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Dissertation zugänglich unter
URN: urn:nbn:de:gbv:18-62145
URL: http://ediss.sub.uni-hamburg.de/volltexte/2013/6214/


Model-Based Analysis of Cerebrovascular Diseases Combining 3D and 4D MRA Datasets

Modellbasierte Analyse zerebrovaskulärer Erkrankungen durch Kombination von 3D und 4D MRA Datensätze

Forkert, Nils Daniel

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 Dokument 1.pdf (13.891 KB) 


SWD-Schlagwörter: NMR-Tomographie , Bildverarbeitung , Segmentierung , Hämodynamik , Schlaganfall , Aneurysma
Basisklassifikation: 44.64 , 54.80
Institut: Informatik
DDC-Sachgruppe: Informatik
Dokumentart: Dissertation
Hauptberichter: Möller, Dietmar (Prof. Dr.)
Sprache: Englisch
Tag der mündlichen Prüfung: 16.04.2013
Erstellungsjahr: 2012
Publikationsdatum: 21.06.2013
Kurzfassung auf Englisch: Detailed knowledge about the vascular anatomy and blood flow at a macro- and microvascular level is often required for diagnosis, therapy decision, and intervention in case of cerebrovascular diseases. This knowledge can be obtained from high resolution 3D and time-resolved magnetic resonance imaging datasets. However, advanced computer-assisted image analysis methods are needed for an improved and faster diagnosis of patients with a cerebrovascular disease, due to the massive amount of acquired data. From a methodical perspective, an automatic cerebrovascular segmentation, hemodynamic analysis, and combined visualization of vascular structures together with the corresponding hemodynamic situation is required.
The multi-step segmentation framework presented in this work was developed to enable a sufficient delineation of all vessels, including small and malformed vessels, from high resolution 3D angiographies. The purpose of the first step of this segmentation framework is to extract the brain tissue using a graph-based approach to prevent leakage of the segmentation into non-brain tissue in the subsequent processing steps. After this, a non-linear combination of intensity and shape information using fuzzy logic is performed, in which the shape information is obtained from the vesselness filter. The resulting parameter image is then used for an automatic extraction of the cerebrovascular system employing a level-set segmentation approach with anisotropic energy weights. Finally, gaps in the resulting cerebrovascular segmentation are reduced applying a shortest path algorithm. The automatically segmented vessels can, for example, be used for a surface-based visualization, which enables an intuitive screening of the anatomy. However, this visualization includes no information about the blood flow. Therefore, time-resolved magnetic resonance angiographies have to be analyzed. The direct estimation of hemodynamic parameters from the corresponding concentration time curves is often imprecise. This drawback can be overcome using the developed reference-based linear curve fitting approach. Here, the main idea is to extract a patient-individual hemodynamic reference curve directly from the given time-resolved dataset. The extracted reference curve is fitted to each concentration time curve and then used for parameter estimation. Finally, a novel 4D blood flow visualization technique was developed, which enables a direct combined analysis and visualization of the cerebrovascular system and the corresponding blood flow situation. Therefore, the 3D and 4D MRA image sequences of a patient are registered such that the extracted hemodynamic information can be displayed dynamically over time on the vessel surface model.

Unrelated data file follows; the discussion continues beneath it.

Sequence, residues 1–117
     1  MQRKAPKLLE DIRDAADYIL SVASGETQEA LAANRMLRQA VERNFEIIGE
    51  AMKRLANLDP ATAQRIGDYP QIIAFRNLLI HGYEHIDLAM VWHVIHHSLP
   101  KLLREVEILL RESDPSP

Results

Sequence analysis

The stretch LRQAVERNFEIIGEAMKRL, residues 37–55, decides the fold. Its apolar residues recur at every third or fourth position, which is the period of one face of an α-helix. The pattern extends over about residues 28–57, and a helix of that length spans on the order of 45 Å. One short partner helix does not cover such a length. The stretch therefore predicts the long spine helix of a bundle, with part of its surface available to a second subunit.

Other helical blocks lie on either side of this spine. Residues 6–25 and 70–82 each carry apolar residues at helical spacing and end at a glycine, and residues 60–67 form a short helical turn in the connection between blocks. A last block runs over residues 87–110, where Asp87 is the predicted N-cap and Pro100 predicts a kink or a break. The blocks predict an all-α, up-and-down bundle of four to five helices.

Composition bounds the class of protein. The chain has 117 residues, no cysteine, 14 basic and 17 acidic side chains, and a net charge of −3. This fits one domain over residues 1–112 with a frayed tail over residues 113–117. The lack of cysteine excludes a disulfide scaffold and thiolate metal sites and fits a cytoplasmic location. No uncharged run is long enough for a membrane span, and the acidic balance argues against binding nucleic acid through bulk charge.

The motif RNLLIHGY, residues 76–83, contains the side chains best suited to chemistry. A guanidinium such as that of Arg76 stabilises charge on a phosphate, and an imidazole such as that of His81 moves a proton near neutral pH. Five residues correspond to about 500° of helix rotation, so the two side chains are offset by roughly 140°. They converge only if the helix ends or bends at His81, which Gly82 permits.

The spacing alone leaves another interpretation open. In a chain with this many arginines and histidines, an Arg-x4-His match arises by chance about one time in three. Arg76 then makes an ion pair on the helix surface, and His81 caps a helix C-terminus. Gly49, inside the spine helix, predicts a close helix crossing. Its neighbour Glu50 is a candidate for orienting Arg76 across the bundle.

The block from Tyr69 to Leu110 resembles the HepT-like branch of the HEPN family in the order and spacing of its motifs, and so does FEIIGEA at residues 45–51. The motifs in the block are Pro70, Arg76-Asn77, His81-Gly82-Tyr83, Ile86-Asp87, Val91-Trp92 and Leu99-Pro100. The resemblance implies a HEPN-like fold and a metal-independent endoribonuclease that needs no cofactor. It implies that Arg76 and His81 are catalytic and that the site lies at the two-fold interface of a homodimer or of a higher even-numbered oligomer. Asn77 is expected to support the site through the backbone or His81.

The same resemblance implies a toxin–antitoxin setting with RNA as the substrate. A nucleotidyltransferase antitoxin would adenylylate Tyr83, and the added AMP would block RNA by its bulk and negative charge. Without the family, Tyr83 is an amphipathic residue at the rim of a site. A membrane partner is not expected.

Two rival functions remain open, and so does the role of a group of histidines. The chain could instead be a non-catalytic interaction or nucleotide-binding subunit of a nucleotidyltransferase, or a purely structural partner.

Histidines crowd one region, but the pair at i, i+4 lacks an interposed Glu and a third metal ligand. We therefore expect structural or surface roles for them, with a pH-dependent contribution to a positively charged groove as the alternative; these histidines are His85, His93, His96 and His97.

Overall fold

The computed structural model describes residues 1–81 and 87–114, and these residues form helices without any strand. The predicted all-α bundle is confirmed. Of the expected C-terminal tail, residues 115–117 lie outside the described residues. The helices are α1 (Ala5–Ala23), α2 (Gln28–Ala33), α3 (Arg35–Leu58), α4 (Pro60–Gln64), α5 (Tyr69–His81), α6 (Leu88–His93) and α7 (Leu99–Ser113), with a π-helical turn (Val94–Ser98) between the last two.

An evaluation of the cerebrovascular segmentation framework using manual segmentations as ground truth showed that this approach is capable of segmenting small as well as malformed vessels with high precision within the range of inter-observer differences, and significantly better than typical state-of-art methods. Furthermore, a comparison to commonly applied hemodynamic models using Monte-Carlo simulations and clinical datasets revealed that the proposed reference-based linear curve fitting model leads to reduced errors regarding the time-to-peak parameter over a wide range of temporal resolutions. Finally, an evaluation of the 4D blood flow visualization using datasets of patients with arteriovenous malformations showed that this visualization leads to a feasible representation of the cerebrovascular anatomy and blood flow, which allows an intuitive and fast diagnosis.
The developed methods have been already successfully applied for several clinical studies in addition to the 4D blood flow visualization. Within this context, the hemodynamic situation in the presence of anatomical rupture risk factors of arteriovenous malformations was analyzed and a computer-aided segmentation and angiographic characterization of this vascular pathology was developed. Further examples for clinical applications described in the second part of this thesis comprise the improved measurement of aneurysms, quantitative analysis of aneurysm coil treatment stability, as well as tissue-at-risk quantification and identification of patients within 4.5 hours of symptom onset in case of an acute ischemic stroke.
In conclusion, the developed methods may help to improve the understanding, diagnosis, and treatment of cerebrovascular diseases.

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